Tomb of Artaxerxes I

Prospective tomb of Artaxerxes I of Persia in Naqsh-e Rustam

Artaxerxes I (Latin; Greek Ἀρταξέρξης; Persian اردشیر یکم (Ardeshir) corruption of Old Persian 𐎠𐎼𐎭𐎧𐎨𐏁𐎨[1] Artaxšacā, "whose reign is through arta (truth)"; the name has nothing to do with Xerxes)[2] was king of the Persian Empire from 465 BC to 424 BC. He was the son of Xerxes I of Persia and Amestris, daughter of Otanes.

He is also surnamed μακρόχειρ "Macrocheir (Latin = Longimanus)", allegedly because his right hand was longer than his left. [3]

After Persia had been defeated at Eurymedon, military action between Greece and Persia was at a standstill. When Artaxerxes I took power, he began a new tradition of weakening the Athenians by funding their enemies in Greece. This indirectly caused the Athenians to move the treasury of the Delian League from the island of Delos to the Athenian acropolis. This funding practice inevitably prompted renewed fighting in 450 BC, where the Greeks attacked at the Battle of Cyprus. After Cimon's failure to attain much in this expedition, the Peace of Callias was agreed between Athens, Argos and Persia in 449 BC.

Artaxerxes I offered asylum to Themistocles, who was the winner of the Battle of Salamis, after Themistocles was ostracized from Athens.

Portrayal in the Book of Ezra and Nehemiah

Artaxerxes (Hebrew: אַרְתַּחְשַׁסְתְּא‎, pronounced [artaχʃast]) commissioned Ezra, a Jewish priest-scribe, by means of a letter of decree, to take charge of the ecclesiastical and civil affairs of the Jewish nation. A copy of this decree may be found in Ezra 7:13-28.

Ezra thereby left Babylon in the first month of the seventh year (~ 457 BC) of Artaxerxes' reign, at the head of a company of Jews that included priests and Levites. They arrived in Jerusalem on the first day of the fifth month of the seventh year (Hebrew Calendar).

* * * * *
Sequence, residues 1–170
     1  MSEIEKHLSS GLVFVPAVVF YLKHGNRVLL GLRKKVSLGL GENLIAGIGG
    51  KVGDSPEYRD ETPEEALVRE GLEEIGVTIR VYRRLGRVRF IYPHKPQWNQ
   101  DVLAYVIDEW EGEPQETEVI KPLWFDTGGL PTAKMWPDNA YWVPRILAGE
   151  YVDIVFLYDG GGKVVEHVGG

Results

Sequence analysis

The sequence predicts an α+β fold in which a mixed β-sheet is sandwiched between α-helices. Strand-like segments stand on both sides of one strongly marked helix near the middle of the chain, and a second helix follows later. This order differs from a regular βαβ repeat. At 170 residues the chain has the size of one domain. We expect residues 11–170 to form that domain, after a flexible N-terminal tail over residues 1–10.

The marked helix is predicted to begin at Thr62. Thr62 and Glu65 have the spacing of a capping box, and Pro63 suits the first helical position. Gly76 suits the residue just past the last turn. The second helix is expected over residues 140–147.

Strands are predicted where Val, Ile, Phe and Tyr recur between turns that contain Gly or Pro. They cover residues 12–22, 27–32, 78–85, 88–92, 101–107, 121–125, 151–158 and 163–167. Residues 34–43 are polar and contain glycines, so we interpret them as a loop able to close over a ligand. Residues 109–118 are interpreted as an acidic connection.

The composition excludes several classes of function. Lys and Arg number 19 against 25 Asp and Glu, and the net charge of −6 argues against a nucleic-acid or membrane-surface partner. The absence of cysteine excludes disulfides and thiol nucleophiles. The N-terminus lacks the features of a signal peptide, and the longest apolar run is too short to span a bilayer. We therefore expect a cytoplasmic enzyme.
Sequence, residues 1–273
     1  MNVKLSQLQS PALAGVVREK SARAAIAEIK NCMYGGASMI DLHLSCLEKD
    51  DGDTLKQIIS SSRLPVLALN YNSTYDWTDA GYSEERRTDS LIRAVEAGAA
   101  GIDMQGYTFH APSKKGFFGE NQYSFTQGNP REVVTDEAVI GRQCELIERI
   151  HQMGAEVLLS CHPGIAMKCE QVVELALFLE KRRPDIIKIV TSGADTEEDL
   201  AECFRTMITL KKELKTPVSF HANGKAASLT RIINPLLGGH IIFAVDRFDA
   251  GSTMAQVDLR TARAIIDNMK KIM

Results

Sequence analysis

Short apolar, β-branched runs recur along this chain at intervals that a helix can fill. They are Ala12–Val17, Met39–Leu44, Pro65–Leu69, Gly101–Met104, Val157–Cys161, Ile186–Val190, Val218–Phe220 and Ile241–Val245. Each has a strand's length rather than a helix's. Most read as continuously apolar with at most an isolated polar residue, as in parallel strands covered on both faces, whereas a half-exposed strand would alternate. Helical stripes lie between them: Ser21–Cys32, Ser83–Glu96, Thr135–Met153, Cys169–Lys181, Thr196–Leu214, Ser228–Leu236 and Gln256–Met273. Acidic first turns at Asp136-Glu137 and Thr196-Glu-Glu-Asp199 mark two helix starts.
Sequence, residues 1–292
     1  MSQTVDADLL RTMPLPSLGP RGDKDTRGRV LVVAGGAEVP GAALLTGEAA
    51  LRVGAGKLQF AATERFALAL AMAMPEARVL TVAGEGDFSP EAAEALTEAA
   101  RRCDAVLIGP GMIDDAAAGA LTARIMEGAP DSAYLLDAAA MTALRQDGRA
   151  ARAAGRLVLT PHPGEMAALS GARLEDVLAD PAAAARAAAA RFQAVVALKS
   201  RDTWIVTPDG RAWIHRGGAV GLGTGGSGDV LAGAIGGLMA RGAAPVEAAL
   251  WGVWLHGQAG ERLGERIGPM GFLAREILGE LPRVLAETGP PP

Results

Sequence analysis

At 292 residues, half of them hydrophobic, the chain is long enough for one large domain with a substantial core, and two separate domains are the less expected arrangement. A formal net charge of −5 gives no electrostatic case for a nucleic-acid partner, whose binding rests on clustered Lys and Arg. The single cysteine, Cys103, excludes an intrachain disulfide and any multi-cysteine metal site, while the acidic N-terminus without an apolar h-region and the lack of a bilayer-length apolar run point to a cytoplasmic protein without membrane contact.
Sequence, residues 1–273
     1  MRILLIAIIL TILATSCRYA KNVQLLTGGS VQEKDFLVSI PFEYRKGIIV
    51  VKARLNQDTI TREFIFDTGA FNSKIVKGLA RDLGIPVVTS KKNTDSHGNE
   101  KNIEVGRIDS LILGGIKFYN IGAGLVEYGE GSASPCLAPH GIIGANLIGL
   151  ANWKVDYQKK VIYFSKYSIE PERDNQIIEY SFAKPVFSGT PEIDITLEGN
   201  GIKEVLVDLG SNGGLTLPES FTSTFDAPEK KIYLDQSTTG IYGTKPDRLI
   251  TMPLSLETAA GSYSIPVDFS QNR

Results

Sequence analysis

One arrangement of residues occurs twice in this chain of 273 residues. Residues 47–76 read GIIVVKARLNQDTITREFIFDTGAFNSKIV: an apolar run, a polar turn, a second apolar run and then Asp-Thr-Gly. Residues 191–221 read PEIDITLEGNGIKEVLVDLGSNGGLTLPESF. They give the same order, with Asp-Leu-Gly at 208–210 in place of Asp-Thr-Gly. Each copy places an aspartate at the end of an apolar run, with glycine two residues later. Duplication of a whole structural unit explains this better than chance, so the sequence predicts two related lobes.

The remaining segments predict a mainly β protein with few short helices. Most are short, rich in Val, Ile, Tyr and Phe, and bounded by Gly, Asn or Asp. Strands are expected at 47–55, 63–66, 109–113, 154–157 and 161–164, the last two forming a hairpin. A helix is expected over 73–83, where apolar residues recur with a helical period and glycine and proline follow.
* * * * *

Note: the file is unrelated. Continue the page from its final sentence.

The rebuilding of the Jewish community in Jerusalem had begun under Cyrus the Great, who had permitted Jews held captive in Babylon, to return to Jerusalem and rebuild the Temple of Solomon. Consequently, a number of Jews returned to Jerusalem in 538 B.C., and the foundation of this "Second Temple" was laid the following year.

In Artaxerxes' 20th year (445 B.C.), Nehemiah, the king's cupbearer, apparently was also a friend of the king as in that year Artaxerxes inquired after Nehemiah's sadness. Nehemiah related to him the plight of the Jewish people and that the city of Jerusalem was undefended. The king sent Nehemiah to Jerusalem with letters of safe passage to the governors in Trans-Euphrates, and to Asaph, keeper of the royal forests, to make beams for the citadel by the Temple and to rebuild the city walls.[4]

Interpretations of Artaxerxes actions

Roger Williams, a seventeenth-century Christian minister and founder of Rhode Island, interpreted several passages in the Old and New Testament to support limiting government interference in religious matters. Williams published The Bloudy Tenent of Persecution, describing his analysis of why a civil government should be separate from religion according to the Bible. Williams believed that Israel was a unique covenant kingdom and not an appropriate model for New Testament Christians who believed that the Old Testament covenant had been fulfilled. Therefore, the more informative Old Testament examples of civil government were "good" non-covenant kings such as Artaxerxes, who tolerated the Jews even though he was a pagan and did not insist that they follow his "state" religion.[5]


By queen Damaspia

By Alogyne of Babylon

By Cosmartidene of Babylon

By Andia of Babylon

By another(?) unknown wife

By various wives eleven other children


  1. Ghias Abadi, R. M. (2004) (in Persian). Achaemenid Inscriptions (کتیبه‌های هخامنشی)‎ (2nd edition ed.). Tehran: Shiraz Navid Publications. pp. 129. ISBN 964-358-015-6. 
  2. The Greek form of the name is influenced by Xerxes (Encyclopedia Iranica). The Biblical Hebrew form is ארתחשסתא Artakhshasta. In Modern Persian, he is called Ardeshir.
  3. Plutarch, Artaxerxes, l. 1. c. 1. 11:129 - cited by Ussher, Annals, para. 1179
  4. Nehemiah 2:1-9
  5. James P. Byrd, The challenges of Roger Williams: Religious Liberty, Violent Persecution, and the Bible (Mercer University Press, 2002)[1] (accessed on Google Book on July 20, 2009)
  6. Xenophon, Hellenica, Book II, Chapter 1

See also

Artaxerxes I of Persia
Born:  ?? Died: 424 BC
Preceded by
Xerxes I
Great King (Shah) of Persia
465 BC–424 BC
Succeeded by
Xerxes II
Pharaoh of Egypt
465 BC–424 BC

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